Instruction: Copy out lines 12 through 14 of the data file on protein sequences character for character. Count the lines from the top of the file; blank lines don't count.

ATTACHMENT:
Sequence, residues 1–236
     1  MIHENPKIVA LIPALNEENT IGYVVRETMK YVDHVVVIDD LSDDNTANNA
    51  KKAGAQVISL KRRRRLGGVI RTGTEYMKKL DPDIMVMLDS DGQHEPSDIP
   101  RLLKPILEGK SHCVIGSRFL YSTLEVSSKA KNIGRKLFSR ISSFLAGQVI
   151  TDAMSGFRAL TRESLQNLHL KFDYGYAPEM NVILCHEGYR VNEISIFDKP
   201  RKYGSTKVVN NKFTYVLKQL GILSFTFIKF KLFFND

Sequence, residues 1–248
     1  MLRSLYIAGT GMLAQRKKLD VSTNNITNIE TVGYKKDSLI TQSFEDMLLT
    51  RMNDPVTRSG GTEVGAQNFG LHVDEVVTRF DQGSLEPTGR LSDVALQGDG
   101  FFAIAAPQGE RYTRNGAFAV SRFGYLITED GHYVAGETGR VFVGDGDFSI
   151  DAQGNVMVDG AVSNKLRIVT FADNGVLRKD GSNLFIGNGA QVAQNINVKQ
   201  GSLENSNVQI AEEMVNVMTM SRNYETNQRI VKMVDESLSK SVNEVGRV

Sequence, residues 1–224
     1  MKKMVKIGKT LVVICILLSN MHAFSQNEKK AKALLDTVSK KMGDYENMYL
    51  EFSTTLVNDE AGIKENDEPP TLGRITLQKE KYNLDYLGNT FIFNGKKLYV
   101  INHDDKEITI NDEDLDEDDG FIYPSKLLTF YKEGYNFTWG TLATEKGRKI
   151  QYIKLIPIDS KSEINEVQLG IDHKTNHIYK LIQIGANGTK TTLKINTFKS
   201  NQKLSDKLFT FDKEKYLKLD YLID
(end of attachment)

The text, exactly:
   201  GSLENSNVQI AEEMVNVMTM SRNYETNQRI VKMVDESLSK SVNEVGRV

Sequence, residues 1–224
     1  MKKMVKIGKT LVVICILLSN MHAFSQNEKK AKALLDTVSK KMGDYENMYL